Profits at Fota Wildlife Park roar ahead as visitor numbers rise

Surplus of €730,000 recorded at Cork wildlife charity

Sumatran tiger cub   born in  May  to mother Dourga and father Denar at  Fota Wildlife Park. Photograph:  Darragh Kane

Sumatran tiger cub born in May to mother Dourga and father Denar at Fota Wildlife Park. Photograph: Darragh Kane

 

Fota Wildlife Park recorded a surplus of more than €730,000 last year as visitor numbers rose, according to the latest figures.

The park on Fota Island in Cork Harbour had 465,281 visitors in 2016, 7 per cent more than the 430,000 for which the charity budgeted.

Income from its operations and retail businesses was €4.3 million, and the public donated €24,000 to its collection boxes.

The park, which operates as a charity, earned a final surplus for the year of €734,092, ahead of the comparable figure for 2015, which was €686,204.

Earlier this year, Fota announced that a rare Sumatran tiger cub had been born at the park.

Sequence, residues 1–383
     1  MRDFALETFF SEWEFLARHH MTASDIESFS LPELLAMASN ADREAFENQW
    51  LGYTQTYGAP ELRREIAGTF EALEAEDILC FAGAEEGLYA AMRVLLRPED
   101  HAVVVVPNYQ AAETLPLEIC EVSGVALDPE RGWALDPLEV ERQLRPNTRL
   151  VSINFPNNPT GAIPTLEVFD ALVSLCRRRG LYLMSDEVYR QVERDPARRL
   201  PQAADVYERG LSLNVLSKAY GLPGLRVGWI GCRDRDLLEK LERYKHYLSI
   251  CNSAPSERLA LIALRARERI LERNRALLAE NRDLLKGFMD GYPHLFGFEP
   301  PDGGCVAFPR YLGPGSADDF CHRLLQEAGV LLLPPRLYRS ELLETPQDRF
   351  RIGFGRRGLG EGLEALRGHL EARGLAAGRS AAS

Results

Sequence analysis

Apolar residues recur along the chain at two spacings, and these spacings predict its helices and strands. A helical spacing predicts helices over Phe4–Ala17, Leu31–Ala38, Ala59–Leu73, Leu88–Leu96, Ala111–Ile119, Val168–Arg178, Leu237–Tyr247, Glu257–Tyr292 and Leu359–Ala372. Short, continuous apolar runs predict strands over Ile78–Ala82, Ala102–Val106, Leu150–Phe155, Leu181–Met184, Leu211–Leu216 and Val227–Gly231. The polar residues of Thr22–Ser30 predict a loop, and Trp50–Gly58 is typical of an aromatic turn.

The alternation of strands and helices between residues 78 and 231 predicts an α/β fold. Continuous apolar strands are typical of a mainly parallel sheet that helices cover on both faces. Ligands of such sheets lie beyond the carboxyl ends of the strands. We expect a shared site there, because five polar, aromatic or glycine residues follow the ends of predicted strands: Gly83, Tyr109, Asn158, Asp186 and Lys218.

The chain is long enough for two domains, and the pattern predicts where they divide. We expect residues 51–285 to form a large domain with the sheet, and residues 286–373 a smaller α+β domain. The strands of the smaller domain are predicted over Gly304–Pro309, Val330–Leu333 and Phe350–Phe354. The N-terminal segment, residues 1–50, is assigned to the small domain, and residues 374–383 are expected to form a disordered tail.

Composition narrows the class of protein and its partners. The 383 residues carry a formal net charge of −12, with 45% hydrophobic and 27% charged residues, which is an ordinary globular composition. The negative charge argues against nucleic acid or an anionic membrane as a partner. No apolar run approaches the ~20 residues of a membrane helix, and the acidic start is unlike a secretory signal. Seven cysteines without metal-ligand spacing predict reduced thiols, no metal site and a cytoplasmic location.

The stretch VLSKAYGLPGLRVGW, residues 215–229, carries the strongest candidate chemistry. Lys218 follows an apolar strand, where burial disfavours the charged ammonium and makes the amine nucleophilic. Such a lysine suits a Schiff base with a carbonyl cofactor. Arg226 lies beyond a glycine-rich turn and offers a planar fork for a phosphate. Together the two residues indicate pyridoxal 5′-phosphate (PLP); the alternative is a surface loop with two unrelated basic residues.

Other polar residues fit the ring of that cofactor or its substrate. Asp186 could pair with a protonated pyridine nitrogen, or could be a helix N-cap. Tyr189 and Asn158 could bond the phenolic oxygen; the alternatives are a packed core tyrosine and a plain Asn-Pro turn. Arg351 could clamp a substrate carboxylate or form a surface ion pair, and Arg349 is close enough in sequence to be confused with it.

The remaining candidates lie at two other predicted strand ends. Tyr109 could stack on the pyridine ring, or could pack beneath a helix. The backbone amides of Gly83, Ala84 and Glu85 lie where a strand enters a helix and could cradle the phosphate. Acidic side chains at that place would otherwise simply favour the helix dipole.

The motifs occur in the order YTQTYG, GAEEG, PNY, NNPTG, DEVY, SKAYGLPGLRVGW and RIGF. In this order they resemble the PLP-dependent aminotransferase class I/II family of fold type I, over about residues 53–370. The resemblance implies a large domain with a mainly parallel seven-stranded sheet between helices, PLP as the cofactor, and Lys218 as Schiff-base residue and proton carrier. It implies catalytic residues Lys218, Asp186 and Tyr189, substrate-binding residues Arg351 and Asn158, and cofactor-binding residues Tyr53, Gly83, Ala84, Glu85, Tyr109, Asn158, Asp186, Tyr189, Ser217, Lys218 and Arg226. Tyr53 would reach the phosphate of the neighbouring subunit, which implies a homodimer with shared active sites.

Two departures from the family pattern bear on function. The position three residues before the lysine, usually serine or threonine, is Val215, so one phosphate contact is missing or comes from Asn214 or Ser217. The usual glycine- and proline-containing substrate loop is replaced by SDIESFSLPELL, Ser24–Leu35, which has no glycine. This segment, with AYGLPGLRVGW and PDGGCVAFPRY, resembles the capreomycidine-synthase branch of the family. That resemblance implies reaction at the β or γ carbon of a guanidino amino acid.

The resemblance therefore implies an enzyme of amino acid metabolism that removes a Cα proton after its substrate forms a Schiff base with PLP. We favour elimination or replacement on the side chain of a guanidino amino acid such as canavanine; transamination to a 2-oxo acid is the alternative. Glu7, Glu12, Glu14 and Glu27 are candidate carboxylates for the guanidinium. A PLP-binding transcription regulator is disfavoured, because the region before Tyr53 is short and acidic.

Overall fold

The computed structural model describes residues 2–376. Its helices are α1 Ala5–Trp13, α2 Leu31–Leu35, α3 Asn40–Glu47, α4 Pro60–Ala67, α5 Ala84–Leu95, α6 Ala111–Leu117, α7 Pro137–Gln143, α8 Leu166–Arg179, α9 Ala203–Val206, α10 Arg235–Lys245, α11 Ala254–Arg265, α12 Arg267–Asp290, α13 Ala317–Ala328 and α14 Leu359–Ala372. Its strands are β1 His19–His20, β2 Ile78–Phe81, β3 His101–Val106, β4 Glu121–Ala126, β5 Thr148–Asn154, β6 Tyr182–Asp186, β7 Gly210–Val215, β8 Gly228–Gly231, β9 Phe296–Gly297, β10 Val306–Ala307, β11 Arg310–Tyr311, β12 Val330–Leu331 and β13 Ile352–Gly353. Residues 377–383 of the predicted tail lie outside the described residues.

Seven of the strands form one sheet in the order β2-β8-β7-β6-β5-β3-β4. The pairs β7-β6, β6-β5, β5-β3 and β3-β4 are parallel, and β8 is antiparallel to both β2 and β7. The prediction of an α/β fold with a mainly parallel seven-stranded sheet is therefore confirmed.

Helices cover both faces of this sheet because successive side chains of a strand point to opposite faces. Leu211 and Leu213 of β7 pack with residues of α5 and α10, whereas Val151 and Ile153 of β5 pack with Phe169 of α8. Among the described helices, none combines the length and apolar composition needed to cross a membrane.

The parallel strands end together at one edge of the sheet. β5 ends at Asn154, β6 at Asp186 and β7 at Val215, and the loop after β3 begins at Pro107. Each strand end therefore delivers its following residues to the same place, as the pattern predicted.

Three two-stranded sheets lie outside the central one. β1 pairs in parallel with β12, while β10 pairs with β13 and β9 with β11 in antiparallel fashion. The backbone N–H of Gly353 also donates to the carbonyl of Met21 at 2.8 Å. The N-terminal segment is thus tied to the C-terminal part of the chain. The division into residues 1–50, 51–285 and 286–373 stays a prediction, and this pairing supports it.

The Sumatran tiger is an Indonesian sub-species regarded as endangered with only an estimated 300-500 left in the wild.

Fota supports work to save the tiger and in 2016 contributed €25,000 to aid the work of a group, 21st Century Tiger, in Kerinci Seblat, an Indonesian national park on the island of Sumatra and a critical habitat for the sub-species.

According to its report, Fota last year signed a three-year memorandum of understanding with Flora & Fauna International (FFI) to fund the training, equipment and salaries of two community conservation teams in Vietnam working to protect the black-crested gibbon and Tonkin snub-nosed monkey.

FFI is a conservation organisation that works in around 40 countries worldwide.

Fota Wildlife Park supports various field conservation projects around the world and postgraduate studies on species under its care.

The charity’s report, filed recently with the Companies’ Registration Office, states that there has been sustained growth in visitor numbers from 440,000 in 2014, when it first opened its Asian sanctuary to the public.

The sanctuary was a 27-acre expansion designed to house a range of species, including the Sumatran tiger.